“While ANFREL’s mission has been stopped in its tracks, the European Union ~ with Brexit uppermost on its agenda ~ will not send a team this time around. Barring a few international observers, the critical task of monitoring now devolves on “local observers”, who will quite obviously be handpicked by the incumbent ruling party.
“Furthermore, the government has put in place crippling curbs on their functioning, chiefly a bar on taking photographs inside a polling station or even interacting with the media. The election will, therefore, be “observed” on the terms of the Awami government and favourable observations can well be expected.
“The functioning of the Election Commission is under a cloud even before the first vote is cast. It has failed to ensure what they call a “level playing field”, indeed to protect the Opposition from random arrests, violence, and “ghost” cases. Monday’s attack on journalists with hockey sticks at Nawabganj, near Dhaka, exemplifies the inherent volatility. The plot thickens with the EC’s green signal to the fundamentalist Jamaat ~ an ally of the BNP ~ to contest the elections.”
According to analysts, this editorial of The Statesman is definitely crucial as it is India’s one of the most prestigious dailies. Observations made in The Statesman may leave negative signals to the Western policymakers about the very credibility of the December 30 general election.
Meanwhile, Stephane Dujarric, Spokesman for the UN Secretary-General in a statement said, “The Secretary-General in the run-up to the 30 December general elections in Bangladesh calls on all stakeholders to ensure an environment free of violence, intimidation and coercion before, during and after the elections, so as to enable a peaceful, credible and inclusive poll.
“All Bangladeshi citizens, including minorities and women, must feel safe and confident in exercising their right to vote. Civil society and electoral observers should be fully supported to play their role in the process.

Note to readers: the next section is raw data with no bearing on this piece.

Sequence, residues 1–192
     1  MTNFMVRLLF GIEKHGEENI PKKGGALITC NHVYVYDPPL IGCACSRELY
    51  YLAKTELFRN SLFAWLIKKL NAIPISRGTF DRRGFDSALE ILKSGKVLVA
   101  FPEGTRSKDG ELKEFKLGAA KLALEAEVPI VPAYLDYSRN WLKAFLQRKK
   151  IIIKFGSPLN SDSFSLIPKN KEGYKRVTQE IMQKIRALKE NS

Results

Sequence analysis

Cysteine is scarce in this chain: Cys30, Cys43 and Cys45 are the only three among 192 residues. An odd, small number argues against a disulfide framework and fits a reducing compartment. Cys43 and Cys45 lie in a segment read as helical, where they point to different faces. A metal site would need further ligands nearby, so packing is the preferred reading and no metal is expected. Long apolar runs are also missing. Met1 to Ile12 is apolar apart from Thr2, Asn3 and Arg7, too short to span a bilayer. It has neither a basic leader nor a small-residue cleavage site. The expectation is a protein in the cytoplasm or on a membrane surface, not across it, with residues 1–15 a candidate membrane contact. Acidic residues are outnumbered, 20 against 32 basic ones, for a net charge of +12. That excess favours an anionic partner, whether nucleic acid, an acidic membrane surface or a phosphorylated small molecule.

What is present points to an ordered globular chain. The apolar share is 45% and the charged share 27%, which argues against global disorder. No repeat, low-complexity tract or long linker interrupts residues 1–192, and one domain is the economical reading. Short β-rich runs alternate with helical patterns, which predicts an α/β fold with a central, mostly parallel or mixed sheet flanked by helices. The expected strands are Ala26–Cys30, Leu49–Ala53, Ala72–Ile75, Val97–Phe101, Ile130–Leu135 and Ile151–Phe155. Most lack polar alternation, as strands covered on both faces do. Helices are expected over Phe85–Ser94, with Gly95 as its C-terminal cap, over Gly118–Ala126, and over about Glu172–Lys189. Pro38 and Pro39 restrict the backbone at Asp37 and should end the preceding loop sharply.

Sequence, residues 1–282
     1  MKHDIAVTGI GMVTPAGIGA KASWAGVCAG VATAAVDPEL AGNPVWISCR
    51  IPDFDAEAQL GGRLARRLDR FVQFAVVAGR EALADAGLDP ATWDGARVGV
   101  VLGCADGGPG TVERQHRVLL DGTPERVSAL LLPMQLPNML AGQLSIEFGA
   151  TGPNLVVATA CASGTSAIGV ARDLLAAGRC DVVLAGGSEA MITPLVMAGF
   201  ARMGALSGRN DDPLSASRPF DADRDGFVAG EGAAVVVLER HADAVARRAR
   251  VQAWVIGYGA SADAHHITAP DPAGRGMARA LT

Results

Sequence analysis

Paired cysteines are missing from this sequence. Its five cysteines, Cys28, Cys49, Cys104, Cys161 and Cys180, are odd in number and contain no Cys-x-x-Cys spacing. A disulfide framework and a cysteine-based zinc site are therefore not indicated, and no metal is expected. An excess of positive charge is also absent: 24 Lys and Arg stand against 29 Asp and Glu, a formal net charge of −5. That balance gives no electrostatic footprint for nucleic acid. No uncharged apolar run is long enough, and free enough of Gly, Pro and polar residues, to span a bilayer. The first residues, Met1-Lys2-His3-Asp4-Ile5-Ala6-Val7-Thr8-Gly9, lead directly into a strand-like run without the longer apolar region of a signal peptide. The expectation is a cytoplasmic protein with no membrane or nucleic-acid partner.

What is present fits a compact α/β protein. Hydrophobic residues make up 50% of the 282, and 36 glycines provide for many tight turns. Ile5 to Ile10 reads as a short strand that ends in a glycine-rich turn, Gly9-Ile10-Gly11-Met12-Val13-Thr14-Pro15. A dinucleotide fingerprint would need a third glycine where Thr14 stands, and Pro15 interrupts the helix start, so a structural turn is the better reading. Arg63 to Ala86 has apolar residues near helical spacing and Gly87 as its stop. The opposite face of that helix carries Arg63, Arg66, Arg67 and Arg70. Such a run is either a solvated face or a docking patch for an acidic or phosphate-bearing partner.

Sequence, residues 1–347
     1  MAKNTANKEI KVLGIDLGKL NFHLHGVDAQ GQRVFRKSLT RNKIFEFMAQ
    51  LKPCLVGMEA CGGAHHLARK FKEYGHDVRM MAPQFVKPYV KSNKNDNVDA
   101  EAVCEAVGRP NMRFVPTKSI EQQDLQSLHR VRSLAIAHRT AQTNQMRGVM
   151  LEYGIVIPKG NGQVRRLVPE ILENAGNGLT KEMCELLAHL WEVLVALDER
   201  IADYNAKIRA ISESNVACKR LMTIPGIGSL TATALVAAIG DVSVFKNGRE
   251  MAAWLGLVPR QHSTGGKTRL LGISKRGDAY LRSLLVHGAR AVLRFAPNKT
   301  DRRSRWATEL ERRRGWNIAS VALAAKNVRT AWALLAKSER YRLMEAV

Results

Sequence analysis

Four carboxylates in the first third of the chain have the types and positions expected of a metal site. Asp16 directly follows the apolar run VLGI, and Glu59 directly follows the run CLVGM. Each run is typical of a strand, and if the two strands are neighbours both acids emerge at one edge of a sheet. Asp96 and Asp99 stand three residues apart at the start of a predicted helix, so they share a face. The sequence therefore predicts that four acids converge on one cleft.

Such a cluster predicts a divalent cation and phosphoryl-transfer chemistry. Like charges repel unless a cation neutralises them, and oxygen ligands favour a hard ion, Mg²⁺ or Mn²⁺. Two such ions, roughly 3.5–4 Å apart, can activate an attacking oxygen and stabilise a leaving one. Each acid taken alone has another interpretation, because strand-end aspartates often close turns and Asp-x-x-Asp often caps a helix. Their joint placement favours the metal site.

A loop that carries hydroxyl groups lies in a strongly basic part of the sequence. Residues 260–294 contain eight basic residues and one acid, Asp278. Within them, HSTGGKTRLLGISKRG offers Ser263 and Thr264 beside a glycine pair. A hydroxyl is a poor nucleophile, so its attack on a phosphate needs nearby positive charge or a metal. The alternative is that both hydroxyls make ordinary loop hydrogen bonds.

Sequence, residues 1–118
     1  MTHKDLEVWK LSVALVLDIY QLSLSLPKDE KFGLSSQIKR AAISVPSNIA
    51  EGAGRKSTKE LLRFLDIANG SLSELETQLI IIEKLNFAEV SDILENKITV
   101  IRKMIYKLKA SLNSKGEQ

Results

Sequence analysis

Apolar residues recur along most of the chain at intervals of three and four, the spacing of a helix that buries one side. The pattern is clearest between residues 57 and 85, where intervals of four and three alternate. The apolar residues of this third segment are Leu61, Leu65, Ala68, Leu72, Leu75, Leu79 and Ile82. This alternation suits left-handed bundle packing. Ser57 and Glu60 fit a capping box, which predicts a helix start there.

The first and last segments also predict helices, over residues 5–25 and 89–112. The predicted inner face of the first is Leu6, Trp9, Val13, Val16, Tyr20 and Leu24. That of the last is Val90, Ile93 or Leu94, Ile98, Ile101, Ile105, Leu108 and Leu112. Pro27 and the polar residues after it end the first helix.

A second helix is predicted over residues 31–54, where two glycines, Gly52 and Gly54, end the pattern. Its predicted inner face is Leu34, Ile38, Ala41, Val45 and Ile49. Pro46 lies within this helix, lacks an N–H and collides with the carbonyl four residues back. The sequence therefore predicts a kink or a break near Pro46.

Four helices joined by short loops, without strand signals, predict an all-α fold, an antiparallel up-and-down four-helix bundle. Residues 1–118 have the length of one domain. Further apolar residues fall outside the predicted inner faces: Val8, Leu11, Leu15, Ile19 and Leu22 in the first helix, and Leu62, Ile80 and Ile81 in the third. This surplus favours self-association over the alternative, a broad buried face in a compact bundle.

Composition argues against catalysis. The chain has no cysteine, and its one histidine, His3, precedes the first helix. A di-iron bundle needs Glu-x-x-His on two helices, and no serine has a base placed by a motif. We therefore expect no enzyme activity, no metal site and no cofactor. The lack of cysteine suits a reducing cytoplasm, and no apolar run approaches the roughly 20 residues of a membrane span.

“The Secretary-General reiterates the continued commitment of the United Nations to support a peaceful and democratic Bangladesh.”
Statement from the United Nations has already got coverage in the local and international media. Indian media also has covered this news.
Commenting on the statement issued by the UN Secretary-General, analysts in Dhaka said, “United Nations already is losing efficacy in most of the nations in the world. In the past, particularly in 2014, the UN had been extremely active centering Bangladesh’s general election. United States also had sent their Assistant Secretary of State, Nisha Dishai Biswal to coordinate negotiations between the ruling party and the main opposition, Bangladesh Nationalist Party. Despite the fact of the 2014 election been turned controversial, the ruling Awami League did not really face any real challenge either from the UN or any of the foreign nations. Moreover, India and China had been extremely supportive towards the ruling party. Particularly India has played extremely effective role openly in favour of the ruling party. This time again, once the election is held and the ruling party gets more than 240 seats and if there are even allegations of vote rigging or irregularities, the ruling party will comfortably complete its next 5-year-tenure. For past ten years, Prime Minister Sheikh Hasina has very boldly and effectively handled and even ignored interference of the international community into Bangladesh’s domestic affairs.”
They added, “Bangladesh’s economy is now strong and most importantly, India wants Awami League to remain in power. That is why, any possible pressure from the UN or the Western nations in future will be jointly handled by Prime Minister Sheikh Hasina and the Indian government.”